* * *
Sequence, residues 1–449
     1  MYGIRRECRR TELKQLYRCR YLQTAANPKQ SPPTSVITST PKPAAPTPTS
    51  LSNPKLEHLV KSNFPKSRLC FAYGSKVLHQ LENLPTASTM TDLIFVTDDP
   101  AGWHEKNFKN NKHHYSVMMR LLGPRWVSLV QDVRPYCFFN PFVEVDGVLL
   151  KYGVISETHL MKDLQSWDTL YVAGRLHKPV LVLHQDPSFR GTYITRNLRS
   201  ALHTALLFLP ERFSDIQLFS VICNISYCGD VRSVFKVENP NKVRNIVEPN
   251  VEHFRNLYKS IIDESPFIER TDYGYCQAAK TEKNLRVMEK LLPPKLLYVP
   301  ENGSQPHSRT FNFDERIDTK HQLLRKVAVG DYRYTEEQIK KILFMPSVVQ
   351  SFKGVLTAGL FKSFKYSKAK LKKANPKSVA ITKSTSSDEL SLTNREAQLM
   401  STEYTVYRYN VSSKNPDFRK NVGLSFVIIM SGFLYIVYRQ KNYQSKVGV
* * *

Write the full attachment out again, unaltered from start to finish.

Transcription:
Sequence, residues 1–449
     1  MYGIRRECRR TELKQLYRCR YLQTAANPKQ SPPTSVITST PKPAAPTPTS
    51  LSNPKLEHLV KSNFPKSRLC FAYGSKVLHQ LENLPTASTM TDLIFVTDDP
   101  AGWHEKNFKN NKHHYSVMMR LLGPRWVSLV QDVRPYCFFN PFVEVDGVLL
   151  KYGVISETHL MKDLQSWDTL YVAGRLHKPV LVLHQDPSFR GTYITRNLRS
   201  ALHTALLFLP ERFSDIQLFS VICNISYCGD VRSVFKVENP NKVRNIVEPN
   251  VEHFRNLYKS IIDESPFIER TDYGYCQAAK TEKNLRVMEK LLPPKLLYVP
   301  ENGSQPHSRT FNFDERIDTK HQLLRKVAVG DYRYTEEQIK KILFMPSVVQ
   351  SFKGVLTAGL FKSFKYSKAK LKKANPKSVA ITKSTSSDEL SLTNREAQLM
   401  STEYTVYRYN VSSKNPDFRK NVGLSFVIIM SGFLYIVYRQ KNYQSKVGV